Despite media spin downplaying severity of crisis, Fukushima is likely to be a worse catastrophe than 1986 disaster
The radiation released by the stricken Fukushima nuclear plant already rivals and in one sense exceeds the Chernobyl catastrophe according to Austria’s Central Institute for Meteorology and Geodynamics, even as media spin downplays the severity of the crisis despite the fact that the problems at the plant show no signs of abating.
“The release of two types of radioactive particles in the first 3-4 days of Japan’s nuclear crisis is estimated to have reached 20-50 percent of the amounts from Chernobyl in 10 days, an Austrian expert said on Wednesday,” reports Reuters.
Iodine-131 released in the first 3-4 days of the crisis was about 20 percent of that released from Chernobyl during a ten-day period, whereas the amount of Caesium-137 released amounted to about 50 percent, according to the institute’s Dr Gerhard Wotawa.
Despite the fact that the story appears under the euphemistic Reuters headline, Japan radiation release lower than Chernobyl, as Tyler Durden points out, when you consider the fact that the amount of Caesium-137 released at Fukushima in the first 3-4 days of the crisis amounted to 50% that released by Chernobyl over 10 days, the real run rate of the radiation released at Fukushima is now about 120-150% the figure released by the Chernobyl explosion – and that’s not even factoring in ongoing radiation leaks from Fukushima, which many experts have estimated could go on for much longer.
As the New York Times reported, “Experts….suggest that radioactive releases of steam from the crippled plants could go on for weeks or even months.” Even if Fukushima technicians manage to stop radiation leakage after one month, estimated Caesium-137 emissions would be at least 500 percent more than those released by Chernobyl, whereas iodine-131 levels could be 200 percent worse.
A further complication is the fact that we don’t even know how much if any plutonium emissions have leaked from Fukushima reactor number 3, which runs on MOX or Mixed Oxide fuel, a mixture of plutonium and uranium. Plutonium is the most deadly radioactive isotope known to man, and MOX is two million times more deadly than normal enriched uranium. The Half-life of Plutonium-239 in MOX is 24,000 years and just a few milligrams of P-239 escaping in a smoke plume will contaminate soil for tens of thousands of years.
In the case of Chernobyl, the vast majority of the plutonium was not released during the explosion and subsequent fire. Japanese authorities and the establishment media seem reticent to even discuss the potential release of plutonium from reactor number 3 at Fukushima.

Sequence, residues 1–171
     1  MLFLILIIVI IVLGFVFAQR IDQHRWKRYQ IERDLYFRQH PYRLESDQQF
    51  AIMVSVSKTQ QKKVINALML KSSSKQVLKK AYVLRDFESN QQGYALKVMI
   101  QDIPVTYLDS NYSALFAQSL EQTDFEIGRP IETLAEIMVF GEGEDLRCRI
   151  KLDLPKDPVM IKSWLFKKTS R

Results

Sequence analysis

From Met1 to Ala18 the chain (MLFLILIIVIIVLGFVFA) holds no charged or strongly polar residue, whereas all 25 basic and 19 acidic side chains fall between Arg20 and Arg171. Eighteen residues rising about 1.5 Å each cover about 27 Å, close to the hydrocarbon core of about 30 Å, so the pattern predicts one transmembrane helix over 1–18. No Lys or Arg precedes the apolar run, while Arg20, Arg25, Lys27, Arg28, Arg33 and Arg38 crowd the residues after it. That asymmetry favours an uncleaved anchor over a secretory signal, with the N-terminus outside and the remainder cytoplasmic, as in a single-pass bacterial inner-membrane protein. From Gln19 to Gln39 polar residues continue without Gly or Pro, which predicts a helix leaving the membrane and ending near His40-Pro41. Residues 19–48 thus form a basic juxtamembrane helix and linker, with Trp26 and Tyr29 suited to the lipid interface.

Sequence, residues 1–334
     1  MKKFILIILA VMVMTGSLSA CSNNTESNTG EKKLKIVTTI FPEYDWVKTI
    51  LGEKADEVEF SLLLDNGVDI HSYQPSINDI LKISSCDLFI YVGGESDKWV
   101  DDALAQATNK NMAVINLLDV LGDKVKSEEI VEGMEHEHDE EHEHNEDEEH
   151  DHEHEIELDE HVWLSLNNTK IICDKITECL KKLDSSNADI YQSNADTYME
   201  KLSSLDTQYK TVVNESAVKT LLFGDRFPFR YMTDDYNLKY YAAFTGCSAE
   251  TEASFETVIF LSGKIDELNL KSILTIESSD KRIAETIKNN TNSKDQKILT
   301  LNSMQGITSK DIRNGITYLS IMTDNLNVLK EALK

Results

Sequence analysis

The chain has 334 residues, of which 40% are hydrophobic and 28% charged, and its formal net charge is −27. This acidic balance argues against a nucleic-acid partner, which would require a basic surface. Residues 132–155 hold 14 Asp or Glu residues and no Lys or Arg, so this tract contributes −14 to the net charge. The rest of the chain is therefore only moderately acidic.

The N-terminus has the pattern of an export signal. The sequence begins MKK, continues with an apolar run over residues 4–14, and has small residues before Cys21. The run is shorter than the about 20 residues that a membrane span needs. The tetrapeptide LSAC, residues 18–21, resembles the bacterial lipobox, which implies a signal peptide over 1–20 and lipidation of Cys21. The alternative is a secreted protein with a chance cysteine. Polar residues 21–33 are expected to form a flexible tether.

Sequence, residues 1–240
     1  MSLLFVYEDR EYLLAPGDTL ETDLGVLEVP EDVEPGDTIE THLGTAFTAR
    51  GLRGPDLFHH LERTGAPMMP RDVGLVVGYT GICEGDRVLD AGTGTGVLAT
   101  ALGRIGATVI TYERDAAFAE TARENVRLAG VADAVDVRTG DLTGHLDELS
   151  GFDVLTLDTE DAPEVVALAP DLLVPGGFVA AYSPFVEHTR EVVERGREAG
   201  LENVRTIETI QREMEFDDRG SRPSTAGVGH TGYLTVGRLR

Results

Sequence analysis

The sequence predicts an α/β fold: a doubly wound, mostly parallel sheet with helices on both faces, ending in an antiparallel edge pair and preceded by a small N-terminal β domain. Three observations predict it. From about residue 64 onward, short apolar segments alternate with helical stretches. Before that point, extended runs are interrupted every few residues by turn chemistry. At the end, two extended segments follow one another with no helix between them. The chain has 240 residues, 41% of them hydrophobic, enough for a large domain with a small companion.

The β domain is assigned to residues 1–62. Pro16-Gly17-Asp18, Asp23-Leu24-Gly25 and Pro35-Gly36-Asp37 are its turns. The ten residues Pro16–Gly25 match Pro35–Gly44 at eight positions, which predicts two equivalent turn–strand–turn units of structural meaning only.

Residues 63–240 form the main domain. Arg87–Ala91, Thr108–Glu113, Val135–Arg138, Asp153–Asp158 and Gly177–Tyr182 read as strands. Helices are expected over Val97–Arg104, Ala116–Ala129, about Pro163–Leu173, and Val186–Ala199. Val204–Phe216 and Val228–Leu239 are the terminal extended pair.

“The fact that radiation releases are approaching the level they did in Chernobyl is a cause for concern, a sign of the severity of the accident that’s already taken place,” said Edwin Lyman, senior scientist at the U.S.-based Union of Concerned Scientists Global Security Program, especially given the way Chernobyl exploded.”
The only two factors that have really prevented the Fukushima crisis from becoming as severe as Chernobyl thus far are firstly that, unlike in the case of Chernobyl, residents within the exclusion zone were quickly evacuated, and secondly, most of the radiation from Fukushima has been dispersed over the Pacific Ocean, whereas Chernobyl fallout blanketed the land mass of Europe.
However, at least with Chernobyl the full impact of the disaster was known and its threat was able to be quantified quickly. Fukushima has been burning for 2 weeks and shows no sign of abating. Given the fact that one type of radiation reached 20% and the other over 50% of Chernobyl within days, Fukushima is on course to be worse than the 1986 disaster in the long term.
As Tyler Durden asks, “How soon until the first indications of radiation poisoning start appearing. Somehow we are confident we will not find out until years from now when all the truth surrounding this incident is finally declassified.”
Indeed, despite UN and World Health Organization studies that claim Chernobyl led to a maximum of 9,000 deaths and 200,000 cases of radiation sickness, more contemporary studies have shown that nearly a million people have been killed from cancers caused by the disaster over the course of the last 25 years.
If radiation releases from Fukushima are being underreported by authorities, as they were with Chernobyl, and a heap of evidence suggests they are, then we won’t know the full impact of the disaster until decades have passed.
Despite the massive threat Fukushima poses to the food supply, as the U.S. and other countries ban dairy and vegetable imports from farms contaminated by the radiation release, U.S. health authorities and the EPA are still insisting that Americans should not take potassium iodide, even at weaker levels, despite the fact that it is known to protect against thyroid cancer by blocking the absorption of radioactive iodine.
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